What has emerged from the negotiations so far is that the ruling party has accepted five of the six demands put forward by Imran. Only the prime minister’s resignation has not been accepted. The PTI chief is adamant that with Nawaz Sharif at the helm, he cannot trust the government to do an honest audit of electoral fraud or any of the other demands he has put forward. There have even been reports that Interior Minister Chaudhry Nisar Ali Khan should take over as caretaker prime minister or Nawaz Sharif should go on one month’s leave. None of these reports, however, can be confirmed but on August 25, Amir of Jama‘at-e Islami Sirajul Haq said that this (Sharif going on one month’s leave) proposal by the PTI may provide an opening for progress in talks. The Jama‘at Amir has emerged as a serious and honest mediator between the parties and has urged all sides to show flexibility.
So desperate is Sharif in clinging to power that he invited former president Asif Ali Zardari for lunch at his Raiwind Estate outside Lahore. Zardari had returned from Dubai only two days earlier. A venal character, the People’s Party chairman cannot be relied upon to do anything right but it is rumored that Sharif offered him the post of president in return for his support. Whether this will materialize is a moot point.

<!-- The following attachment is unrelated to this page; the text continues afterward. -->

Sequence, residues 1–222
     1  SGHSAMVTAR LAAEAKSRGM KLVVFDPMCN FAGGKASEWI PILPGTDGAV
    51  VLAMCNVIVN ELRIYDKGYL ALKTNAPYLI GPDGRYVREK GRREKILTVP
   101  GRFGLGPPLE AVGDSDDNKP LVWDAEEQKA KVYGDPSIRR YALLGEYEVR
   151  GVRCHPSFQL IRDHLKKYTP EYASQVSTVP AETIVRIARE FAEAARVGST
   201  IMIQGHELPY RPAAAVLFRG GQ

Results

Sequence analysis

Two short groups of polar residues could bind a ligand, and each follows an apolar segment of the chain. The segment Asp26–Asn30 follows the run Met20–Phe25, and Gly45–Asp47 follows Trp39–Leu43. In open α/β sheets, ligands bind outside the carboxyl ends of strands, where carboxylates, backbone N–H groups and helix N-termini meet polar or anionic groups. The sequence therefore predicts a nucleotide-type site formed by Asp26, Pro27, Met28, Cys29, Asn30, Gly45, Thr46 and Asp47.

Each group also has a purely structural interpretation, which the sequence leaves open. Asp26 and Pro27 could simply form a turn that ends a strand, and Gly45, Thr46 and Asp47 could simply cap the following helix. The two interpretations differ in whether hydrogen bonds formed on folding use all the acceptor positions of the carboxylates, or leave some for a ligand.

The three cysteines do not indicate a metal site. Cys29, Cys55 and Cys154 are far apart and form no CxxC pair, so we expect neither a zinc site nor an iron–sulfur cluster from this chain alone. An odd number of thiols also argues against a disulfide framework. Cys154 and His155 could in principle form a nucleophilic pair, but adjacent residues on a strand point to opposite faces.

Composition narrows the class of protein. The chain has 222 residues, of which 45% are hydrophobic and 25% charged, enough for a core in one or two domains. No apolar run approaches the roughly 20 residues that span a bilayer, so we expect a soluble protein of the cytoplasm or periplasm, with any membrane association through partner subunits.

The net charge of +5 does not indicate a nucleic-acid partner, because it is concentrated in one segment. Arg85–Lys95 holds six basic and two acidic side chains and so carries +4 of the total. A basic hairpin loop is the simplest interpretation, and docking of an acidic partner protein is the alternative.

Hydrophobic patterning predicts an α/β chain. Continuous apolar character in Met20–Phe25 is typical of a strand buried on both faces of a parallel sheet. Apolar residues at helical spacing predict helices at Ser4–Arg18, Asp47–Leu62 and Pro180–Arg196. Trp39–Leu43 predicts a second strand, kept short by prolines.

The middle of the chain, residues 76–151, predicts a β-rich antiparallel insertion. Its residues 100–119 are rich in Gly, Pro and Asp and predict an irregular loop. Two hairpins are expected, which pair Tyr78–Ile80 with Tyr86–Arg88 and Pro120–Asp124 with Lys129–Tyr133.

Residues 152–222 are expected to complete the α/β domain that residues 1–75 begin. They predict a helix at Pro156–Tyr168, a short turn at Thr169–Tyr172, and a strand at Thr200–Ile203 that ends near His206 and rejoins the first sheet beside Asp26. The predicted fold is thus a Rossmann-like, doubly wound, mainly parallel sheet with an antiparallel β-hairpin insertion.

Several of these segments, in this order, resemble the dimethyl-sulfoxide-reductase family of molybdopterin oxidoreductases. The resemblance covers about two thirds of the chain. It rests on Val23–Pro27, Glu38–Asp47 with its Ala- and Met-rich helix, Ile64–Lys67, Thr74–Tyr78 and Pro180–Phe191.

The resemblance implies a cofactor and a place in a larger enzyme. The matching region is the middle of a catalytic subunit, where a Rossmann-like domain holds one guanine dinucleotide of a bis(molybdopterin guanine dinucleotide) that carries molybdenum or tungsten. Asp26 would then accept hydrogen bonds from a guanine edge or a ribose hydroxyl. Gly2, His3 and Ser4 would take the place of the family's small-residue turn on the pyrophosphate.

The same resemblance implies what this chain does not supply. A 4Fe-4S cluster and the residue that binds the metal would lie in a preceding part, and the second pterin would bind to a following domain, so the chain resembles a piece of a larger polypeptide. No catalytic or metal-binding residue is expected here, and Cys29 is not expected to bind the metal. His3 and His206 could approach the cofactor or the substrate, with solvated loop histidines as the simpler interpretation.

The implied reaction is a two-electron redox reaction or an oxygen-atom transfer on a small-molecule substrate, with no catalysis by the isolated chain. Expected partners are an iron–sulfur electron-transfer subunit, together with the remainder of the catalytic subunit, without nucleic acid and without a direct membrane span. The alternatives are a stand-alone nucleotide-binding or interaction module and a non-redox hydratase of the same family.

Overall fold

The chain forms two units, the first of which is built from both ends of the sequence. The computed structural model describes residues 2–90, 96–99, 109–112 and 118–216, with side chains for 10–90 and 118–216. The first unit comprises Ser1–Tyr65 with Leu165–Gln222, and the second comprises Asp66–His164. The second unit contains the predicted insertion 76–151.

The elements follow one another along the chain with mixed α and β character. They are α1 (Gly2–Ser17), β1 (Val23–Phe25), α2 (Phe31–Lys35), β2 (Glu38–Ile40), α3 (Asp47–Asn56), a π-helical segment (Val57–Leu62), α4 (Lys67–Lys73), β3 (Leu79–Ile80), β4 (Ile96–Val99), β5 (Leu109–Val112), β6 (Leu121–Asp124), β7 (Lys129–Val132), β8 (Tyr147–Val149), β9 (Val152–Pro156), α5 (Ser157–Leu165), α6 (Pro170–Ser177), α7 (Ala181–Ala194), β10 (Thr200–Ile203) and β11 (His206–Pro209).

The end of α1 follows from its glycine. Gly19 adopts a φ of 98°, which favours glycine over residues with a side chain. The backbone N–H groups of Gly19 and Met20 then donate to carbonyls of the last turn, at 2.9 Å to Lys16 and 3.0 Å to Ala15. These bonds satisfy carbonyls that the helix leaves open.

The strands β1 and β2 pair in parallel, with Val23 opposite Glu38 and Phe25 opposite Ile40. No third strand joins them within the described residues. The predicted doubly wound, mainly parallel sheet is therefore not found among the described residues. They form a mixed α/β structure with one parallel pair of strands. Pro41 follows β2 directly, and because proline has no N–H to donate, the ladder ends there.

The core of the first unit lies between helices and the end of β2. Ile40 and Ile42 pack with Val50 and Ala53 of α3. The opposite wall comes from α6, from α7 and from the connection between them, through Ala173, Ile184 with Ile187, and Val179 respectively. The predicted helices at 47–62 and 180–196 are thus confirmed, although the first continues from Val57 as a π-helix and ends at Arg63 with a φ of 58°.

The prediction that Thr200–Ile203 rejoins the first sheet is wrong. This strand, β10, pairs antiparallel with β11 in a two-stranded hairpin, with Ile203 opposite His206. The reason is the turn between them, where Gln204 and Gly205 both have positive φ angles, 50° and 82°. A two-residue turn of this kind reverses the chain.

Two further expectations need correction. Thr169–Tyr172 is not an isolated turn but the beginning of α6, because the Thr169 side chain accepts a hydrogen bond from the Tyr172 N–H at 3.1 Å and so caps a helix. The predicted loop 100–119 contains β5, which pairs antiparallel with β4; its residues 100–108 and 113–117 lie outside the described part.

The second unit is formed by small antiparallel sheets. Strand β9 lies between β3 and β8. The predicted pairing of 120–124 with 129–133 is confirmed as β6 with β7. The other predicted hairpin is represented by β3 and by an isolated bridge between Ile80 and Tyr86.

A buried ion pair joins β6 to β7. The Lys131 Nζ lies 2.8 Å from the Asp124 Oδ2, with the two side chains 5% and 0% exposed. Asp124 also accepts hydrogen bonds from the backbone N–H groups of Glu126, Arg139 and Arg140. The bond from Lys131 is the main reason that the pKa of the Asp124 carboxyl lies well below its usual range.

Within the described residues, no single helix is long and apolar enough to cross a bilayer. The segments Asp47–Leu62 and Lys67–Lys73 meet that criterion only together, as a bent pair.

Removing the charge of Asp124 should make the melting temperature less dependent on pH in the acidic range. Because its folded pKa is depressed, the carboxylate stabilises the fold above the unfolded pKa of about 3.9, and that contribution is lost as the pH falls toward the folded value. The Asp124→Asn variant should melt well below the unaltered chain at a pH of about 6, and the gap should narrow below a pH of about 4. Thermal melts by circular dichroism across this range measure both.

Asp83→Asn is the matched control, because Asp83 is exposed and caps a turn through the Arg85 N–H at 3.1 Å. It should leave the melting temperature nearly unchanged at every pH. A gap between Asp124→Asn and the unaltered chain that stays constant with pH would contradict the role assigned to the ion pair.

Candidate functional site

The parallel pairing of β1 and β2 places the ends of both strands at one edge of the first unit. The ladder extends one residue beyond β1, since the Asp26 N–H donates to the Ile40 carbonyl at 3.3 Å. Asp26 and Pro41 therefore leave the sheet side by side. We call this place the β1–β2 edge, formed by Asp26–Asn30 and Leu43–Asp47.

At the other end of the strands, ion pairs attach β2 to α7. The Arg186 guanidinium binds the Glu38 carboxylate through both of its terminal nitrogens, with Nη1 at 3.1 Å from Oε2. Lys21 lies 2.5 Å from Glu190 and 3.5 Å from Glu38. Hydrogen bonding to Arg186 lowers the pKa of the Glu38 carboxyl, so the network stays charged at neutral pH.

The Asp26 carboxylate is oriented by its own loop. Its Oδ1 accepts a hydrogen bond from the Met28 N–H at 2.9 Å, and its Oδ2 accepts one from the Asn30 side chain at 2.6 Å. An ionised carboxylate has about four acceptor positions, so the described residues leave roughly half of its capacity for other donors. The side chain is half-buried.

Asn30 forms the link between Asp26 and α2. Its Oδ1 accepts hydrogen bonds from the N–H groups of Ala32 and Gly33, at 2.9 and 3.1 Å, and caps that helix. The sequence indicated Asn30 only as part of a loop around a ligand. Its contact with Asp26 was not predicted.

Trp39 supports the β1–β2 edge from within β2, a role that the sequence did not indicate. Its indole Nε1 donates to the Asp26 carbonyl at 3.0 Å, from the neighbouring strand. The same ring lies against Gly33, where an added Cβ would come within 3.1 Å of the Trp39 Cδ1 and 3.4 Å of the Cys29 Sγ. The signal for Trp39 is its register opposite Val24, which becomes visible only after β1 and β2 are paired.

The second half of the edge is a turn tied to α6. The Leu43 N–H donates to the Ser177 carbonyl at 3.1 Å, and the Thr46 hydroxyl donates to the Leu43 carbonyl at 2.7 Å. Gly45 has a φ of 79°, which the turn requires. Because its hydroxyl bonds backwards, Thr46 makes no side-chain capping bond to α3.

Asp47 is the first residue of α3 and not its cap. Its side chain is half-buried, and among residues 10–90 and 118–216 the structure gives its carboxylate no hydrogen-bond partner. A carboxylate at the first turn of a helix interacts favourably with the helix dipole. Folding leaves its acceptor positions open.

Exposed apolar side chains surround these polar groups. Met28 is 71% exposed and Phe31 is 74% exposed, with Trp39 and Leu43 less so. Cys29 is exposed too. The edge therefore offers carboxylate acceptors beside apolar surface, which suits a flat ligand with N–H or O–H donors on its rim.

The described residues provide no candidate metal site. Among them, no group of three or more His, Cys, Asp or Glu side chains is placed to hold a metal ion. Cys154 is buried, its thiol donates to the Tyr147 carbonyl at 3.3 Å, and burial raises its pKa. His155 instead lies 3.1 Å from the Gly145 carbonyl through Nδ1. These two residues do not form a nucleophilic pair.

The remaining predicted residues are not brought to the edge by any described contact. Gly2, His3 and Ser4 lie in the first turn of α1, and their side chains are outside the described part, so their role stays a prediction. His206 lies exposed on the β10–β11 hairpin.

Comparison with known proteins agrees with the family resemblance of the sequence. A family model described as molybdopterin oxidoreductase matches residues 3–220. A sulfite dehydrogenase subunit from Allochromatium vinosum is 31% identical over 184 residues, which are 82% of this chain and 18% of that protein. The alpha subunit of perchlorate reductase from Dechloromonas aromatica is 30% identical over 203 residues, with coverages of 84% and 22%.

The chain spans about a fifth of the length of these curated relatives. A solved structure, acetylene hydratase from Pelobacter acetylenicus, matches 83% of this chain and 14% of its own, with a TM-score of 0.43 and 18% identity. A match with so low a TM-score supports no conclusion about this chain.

After their meeting on August 23 over biryani and qorma plus Zardari’s favorite vegetable dishes, the former president said all actions must be done within the bounds of the constitution and that democracy should be strengthened. This begs the question whether the present set up is according to the constitution. After all, electoral fraud and bribing people are against the constitution. If a person is in power through fraud, what kind of a democracy is that? Further, few people in Pakistan doubt that more than 80% of the members of the National Assembly would be disqualified if the constitution were adhered to in letter and spirit. Two articles of the constitution stipulate that members running for National Assembly seats must be honest and upright (Articles 62 and 63). Their application would be enough to send most of the sitting MNAs packing home.